Though Nico is best known for her association with the Velvet Underground, as a solo artist she charted a career every bit as unique and interesting as her Velvet cohorts Lou Reed and John Cale. Her first single, released on the hip Immediate Records label in 1965, was orchestrated Mod Pop not unlike her contemporary Marianne Faithful, or dozens of others, for that matter. Written by Gordon Lightfoot, I’m Not Sayin’ is the most cautious of love songs, reflecting an emotional honesty not typical of the era, but perfectly suited for Nico’s unmistakable monotonic accent and melancholia. Add to that the twelve string guitar Jimmy Page, and a production from Brian Jones and you’ve got an impressive musical debut.

The following year, at the insistence of Andy Warhol, Nico was brought into the Exploding Plastic Inevitable/Velvet Underground fold, on whose debut she would sing only three songs, despite the album being titled, The Velvet Underground & Nico. Well, as everyone knows by now, that album, despite modest sales, went on to become one of the most influential albums of all time, and cemented Nico’s role as an outsider icon.

So much ink has been, rightly, spilled on the debut, that discussing it further here borders on pointless, so I’ll just add my own random aside: a girlfriend of mine once asked me what song I would play at my wedding. I, never having seriously considered it, can’t even remember what song I said, mostly because whatever it was, she totally trumped me with, I’ll Be Your Mirror. Ever since then I’ve known that, should I get married, that song will be playing. And yeah, I woulda married her then and there, were it meant to be.

Released hot on the heels of the VU’s debut, Nico’s solo LP, Chelsea Girls (named for the Warhol film in which she starred), featured songs written by Reed, Cale and Morrison, in addition to paramour Jackson Browne, Tim Hardin, and an unreleased Dylan nugget, I’ll Keep It With Mine. In addition to songwriting credits, her fellow Velvets performed on the album, and VU producer Tom Wilson again manned the boards. Musically it’s a continuation of her debut single, the orchestrated Pop, while fitting perfectly alongside her Velvets cuts.

Nico’s sophomore album, The Marble Index, saw a dramatic change in sound, as she began her love affair with the harmonium. The droning pump organ was a natural progression from John Cale’s La Monte Young influenced viola in the Velvets, and naturally lent itself to Nico’s world weary melodies. Nico wrote and performed the songs solo on harmonium, then brought them to Cale, who would arrange all subsequent instruments. Though his influence looms large, there is no mistaking that Nico had found what would become her signature sound.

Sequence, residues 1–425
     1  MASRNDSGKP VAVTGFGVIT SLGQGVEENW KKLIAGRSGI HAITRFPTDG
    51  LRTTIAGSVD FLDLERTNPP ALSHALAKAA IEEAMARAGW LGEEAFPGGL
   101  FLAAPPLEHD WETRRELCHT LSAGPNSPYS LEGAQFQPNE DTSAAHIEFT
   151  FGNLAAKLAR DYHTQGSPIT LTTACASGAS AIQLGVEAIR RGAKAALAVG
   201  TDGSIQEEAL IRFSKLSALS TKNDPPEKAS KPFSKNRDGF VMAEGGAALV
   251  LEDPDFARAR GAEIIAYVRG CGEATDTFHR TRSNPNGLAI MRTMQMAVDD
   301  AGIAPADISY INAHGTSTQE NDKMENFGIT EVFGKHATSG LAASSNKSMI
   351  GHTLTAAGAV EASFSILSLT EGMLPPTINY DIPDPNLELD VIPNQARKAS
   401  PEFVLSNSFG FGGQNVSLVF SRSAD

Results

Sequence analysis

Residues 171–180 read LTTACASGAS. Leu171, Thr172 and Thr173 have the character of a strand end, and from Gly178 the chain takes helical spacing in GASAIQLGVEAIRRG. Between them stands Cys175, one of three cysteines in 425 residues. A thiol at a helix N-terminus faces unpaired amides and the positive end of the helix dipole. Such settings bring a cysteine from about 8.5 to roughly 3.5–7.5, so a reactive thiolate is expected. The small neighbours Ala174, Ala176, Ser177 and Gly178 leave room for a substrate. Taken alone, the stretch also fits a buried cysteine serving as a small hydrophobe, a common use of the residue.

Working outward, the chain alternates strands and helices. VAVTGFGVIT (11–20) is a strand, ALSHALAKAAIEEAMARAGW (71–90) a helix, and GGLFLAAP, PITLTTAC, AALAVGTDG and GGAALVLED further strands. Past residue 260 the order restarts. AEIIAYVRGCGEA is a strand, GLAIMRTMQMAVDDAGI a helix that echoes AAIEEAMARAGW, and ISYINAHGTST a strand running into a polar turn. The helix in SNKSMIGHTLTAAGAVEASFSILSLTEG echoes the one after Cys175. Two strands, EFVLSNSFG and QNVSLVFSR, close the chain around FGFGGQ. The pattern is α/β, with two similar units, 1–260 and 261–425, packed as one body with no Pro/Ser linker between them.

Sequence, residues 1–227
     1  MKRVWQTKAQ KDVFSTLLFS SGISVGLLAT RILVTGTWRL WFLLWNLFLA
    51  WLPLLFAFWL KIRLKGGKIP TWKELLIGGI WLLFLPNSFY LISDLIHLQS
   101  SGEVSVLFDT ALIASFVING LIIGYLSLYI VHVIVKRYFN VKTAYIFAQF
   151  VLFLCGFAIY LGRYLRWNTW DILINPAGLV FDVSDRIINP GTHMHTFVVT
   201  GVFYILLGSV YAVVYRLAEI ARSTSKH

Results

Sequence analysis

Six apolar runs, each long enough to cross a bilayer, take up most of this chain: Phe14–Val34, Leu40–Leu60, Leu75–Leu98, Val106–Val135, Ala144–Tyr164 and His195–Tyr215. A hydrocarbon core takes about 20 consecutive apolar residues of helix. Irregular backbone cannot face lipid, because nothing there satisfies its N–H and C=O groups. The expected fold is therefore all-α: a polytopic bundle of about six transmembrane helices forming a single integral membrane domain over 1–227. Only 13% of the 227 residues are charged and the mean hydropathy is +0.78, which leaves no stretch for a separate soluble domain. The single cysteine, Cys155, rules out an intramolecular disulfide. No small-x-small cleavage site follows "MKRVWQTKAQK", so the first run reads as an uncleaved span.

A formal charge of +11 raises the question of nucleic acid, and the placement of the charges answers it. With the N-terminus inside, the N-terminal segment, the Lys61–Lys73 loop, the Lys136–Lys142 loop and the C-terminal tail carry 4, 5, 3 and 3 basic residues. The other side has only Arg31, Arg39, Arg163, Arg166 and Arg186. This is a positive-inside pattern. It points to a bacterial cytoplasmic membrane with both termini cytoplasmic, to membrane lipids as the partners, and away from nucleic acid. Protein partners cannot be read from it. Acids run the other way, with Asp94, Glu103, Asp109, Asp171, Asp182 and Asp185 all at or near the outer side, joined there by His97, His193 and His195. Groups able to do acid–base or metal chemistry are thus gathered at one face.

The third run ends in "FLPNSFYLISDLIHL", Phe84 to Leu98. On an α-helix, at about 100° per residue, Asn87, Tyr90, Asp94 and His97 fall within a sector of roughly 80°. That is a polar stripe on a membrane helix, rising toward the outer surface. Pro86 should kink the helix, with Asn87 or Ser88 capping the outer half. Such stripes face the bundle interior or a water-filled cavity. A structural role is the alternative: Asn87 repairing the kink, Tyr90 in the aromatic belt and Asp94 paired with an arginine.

Frozen Warnings is my ultimate winter song.

Look out for another of Nico’s boyfriend’s Iggy Pop in this promo clip from Evening of Light.

Desertshore would see Nico developing that sound, this time with Cale sharing production with Joe Boyd, a legend for his productions of sixties Psychedelia and Acid Folk.

It would be four years before another Nico LP hit the shelves. The End centers on the titular title track, a very Nico reading of The Doors psychedelic magnum opus, and the occasional synthesizer work of a freshly Post-Roxy Music, Brian Eno.

Following The End, Nico would not record until the eighties, at which point she had become an icon to Goths and Punks around the world.

I absolutely love this performance of Chelsea Girls shot in the Chelsea Hotel.


It’s Nico’s birthday

THE Teutonic Ice Goddess

Happy birthday, La Monte Young

Here’s a link to a rip I made of rare La Monte recordings, with added, and unfortunately brief, footage of him and wife/collaborator Marian Zazeela, with Terry Riley and their mutual teacher, Pandit Pran Nath.

Four disc set of the Velvet Underground’s 1969 Matrix performances to receive debut release, October 30th!

Snippets of these tapes have been circulating for awhile, and based on those clips, this is HUUUUGE news for Velvets fans. I know how I’ll be spending my Halloween!

Hello…you’re my very special one. Happy birthday, Moe Tucker!

We all know her as the drummer, and for three songs, vocalist, for the Velvet Underground, but let’s not forget her awesome solo work. I saw Moe with Half Japanese as her backing band, open for Lou Reed, on their Life In Exile After Abdication, and New York tours, respectively, and she blew the lackluster Lou, outta the water. I’m not the only Velvet’s fan to feel that way about that tour, either.

Dig this 1974 version of, I’m Sticking With You, with Jonathan Richman and Willie Alexander!

Her take on Pale Blue Eyes, with Lou on guitar

and why not, to this?

It’s Andy Warhol’s birthday

This is a fantastic three hour documentary, which hits all the necessary points, and interviews so many people vital to the Warhol puzzle. Exceptionally well done. It also has a Spacemen 3 cut at 2 hours 33 min in. The Theatre of Eternal Music lives on.

Song of The Day: Velvet Underground – Ocean (5 versions)

Having been to the ocean for the first time in two years, it is no surprise that this song has been stuck in my head for the past two weeks. One of my favorite Velvets cuts, the song mimics the flow of the tide, both hypnotically lulling and forcefully crashing, sublime and epic, and much like when seaside, I find myself at peace in the presence of it’s majesty.

Here come the waves
Here come the waves
Here come the waves
Here come the waves

Happy birthday, Edie Sedgwick

John Cale, Nick Cave & Chrissie Hynde – Songwriters Circle

Three icons in an intimate acoustic performance, ending up with an all-in rendition of I’m Waiting For The Man. What more needs to be said?